The Pros and Cons of a Dealership BDC
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What is an Auto Dealership BDC?
The business development center (BDC) within an automotive dealership is responsible for driving leads and setting sales appointments through both customer outreach and inbound sales calls. Here, employees carry out these customer engagements as their primary role. Depending upon the size of the dealership, a BDC can range from a manager with one or two dedicated employees up to a team of ten or more staff. In dealerships without a dedicated business development center, these duties typically fall to the automotive salespeople.
Pros of Having a Dealership BDC
If a dealership has a dedicated automotive BDC, it is much easier to create uniform systems and standards for incoming and outgoing calls. By creating and implementing these processes, dealers ensure that prospective buyers receive excellent customer service. This gives the dealership the best opportunity to set appointments and sell vehicles. Using a dedicated BDC greatly increases a dealership's chances of converting prospects into leads, leads into appointments, and appointments into sales.
In the absence of a BDC, these duties are left to the sales staff, resulting in many of these processes falling by the wayside. Sales staff are, by nature, focused on selling cars and trucks, so this is particularly true when the floor is busy with customers. Employing a staff that is dedicated to lead generation, answering incoming sales calls, and following up on leads eliminates the need to worry about potential customers feeling neglected when they try to make call the dealership.
Cons of an Auto Dealership BDC?
Some dealer principals and managers see the BDC as an additional expense- another department that requires people and oversight. A poorly run BDC can yield the same drawbacks as an overextended sales staff. Compensation can be an issue. Will BDC staff receive incentives for leads or sales generated? Will both outbound and inbound calls be rewarded? There are many decisions to make. Hiring an experienced BDC manager is a vital key to the success of this department. Just like a sales team, dealership BDC personnel require proper training in phone etiquette and customer service procedures. And, just like other businesses, hiring quality BDC talent today is a challenge. It is difficult to staff and maintain a BDC team with any longevity. High turnover means that managers are often occupied with hiring and onboarding new employees more so than developing sophisticated skills with existing business development representatives (BDRs).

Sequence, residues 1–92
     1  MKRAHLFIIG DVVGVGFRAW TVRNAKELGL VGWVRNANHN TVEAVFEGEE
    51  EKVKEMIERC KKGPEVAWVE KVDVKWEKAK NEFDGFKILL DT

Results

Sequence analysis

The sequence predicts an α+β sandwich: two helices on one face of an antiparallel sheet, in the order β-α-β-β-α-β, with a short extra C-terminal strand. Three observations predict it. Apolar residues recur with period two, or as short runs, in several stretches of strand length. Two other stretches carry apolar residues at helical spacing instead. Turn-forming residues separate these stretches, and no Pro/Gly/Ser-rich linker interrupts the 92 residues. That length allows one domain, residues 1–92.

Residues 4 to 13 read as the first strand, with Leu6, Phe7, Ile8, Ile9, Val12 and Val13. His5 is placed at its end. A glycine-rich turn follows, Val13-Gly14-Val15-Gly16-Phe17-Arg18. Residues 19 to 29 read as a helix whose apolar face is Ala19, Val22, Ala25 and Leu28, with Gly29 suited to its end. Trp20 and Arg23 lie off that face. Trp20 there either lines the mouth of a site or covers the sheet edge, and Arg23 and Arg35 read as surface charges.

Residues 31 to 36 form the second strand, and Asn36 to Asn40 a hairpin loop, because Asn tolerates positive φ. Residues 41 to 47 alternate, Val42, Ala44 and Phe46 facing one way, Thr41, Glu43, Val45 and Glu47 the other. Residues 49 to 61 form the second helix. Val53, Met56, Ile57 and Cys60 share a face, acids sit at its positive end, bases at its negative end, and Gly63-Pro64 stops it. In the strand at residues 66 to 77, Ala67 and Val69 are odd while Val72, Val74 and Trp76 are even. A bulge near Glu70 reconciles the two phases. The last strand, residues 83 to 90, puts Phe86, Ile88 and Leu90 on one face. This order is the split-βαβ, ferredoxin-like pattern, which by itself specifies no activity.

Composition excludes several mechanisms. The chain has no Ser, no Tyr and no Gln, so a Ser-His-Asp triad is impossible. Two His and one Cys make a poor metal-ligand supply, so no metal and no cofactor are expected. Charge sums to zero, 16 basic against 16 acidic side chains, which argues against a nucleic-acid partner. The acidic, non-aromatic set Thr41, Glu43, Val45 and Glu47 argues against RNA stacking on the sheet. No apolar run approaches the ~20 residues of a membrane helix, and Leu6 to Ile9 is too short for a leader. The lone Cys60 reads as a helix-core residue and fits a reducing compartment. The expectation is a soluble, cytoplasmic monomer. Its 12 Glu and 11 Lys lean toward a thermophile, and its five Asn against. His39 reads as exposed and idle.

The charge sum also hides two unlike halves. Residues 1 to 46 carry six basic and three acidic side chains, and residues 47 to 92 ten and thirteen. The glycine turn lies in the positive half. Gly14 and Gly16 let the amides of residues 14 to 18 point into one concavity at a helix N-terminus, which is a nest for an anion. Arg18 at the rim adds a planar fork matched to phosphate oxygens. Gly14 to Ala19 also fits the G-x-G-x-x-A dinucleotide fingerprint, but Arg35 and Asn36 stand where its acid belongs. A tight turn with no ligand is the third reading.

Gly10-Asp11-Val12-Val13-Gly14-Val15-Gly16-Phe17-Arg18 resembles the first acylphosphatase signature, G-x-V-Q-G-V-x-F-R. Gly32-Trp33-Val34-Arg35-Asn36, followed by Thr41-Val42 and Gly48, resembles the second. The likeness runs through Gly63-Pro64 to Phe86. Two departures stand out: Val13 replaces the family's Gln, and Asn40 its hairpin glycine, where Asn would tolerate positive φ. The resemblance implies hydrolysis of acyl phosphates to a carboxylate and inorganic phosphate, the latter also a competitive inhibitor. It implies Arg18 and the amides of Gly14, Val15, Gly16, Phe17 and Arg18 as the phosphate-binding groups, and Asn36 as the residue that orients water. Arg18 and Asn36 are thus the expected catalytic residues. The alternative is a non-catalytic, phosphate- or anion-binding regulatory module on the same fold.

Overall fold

Outsourcing Your Dealership BDC
An increasingly popular choice for today's dealerships is to outsource an automotive BDC to an outside vendor. This has the advantage of working with a company whose entire mission is the implementation and execution of automotive retail customer outreach. The cost varies, as does the quality of work provided. An outside BDC specialist normally sets performance goals associated with their fees. A quality vendor should only require periodic oversight from a dealer or manager in order to evaluate their performance against key performance indicators (KPIs). With that said, outsourced BDCs have many of the same drawbacks as in-house BDC teams. Their teams require continuous training in order to represent a dealership's brand well. Finally, turnover in outsourced BDC businesses is notoriously high- meaning that a typical retail automotive dealership will likely not have consistent representation.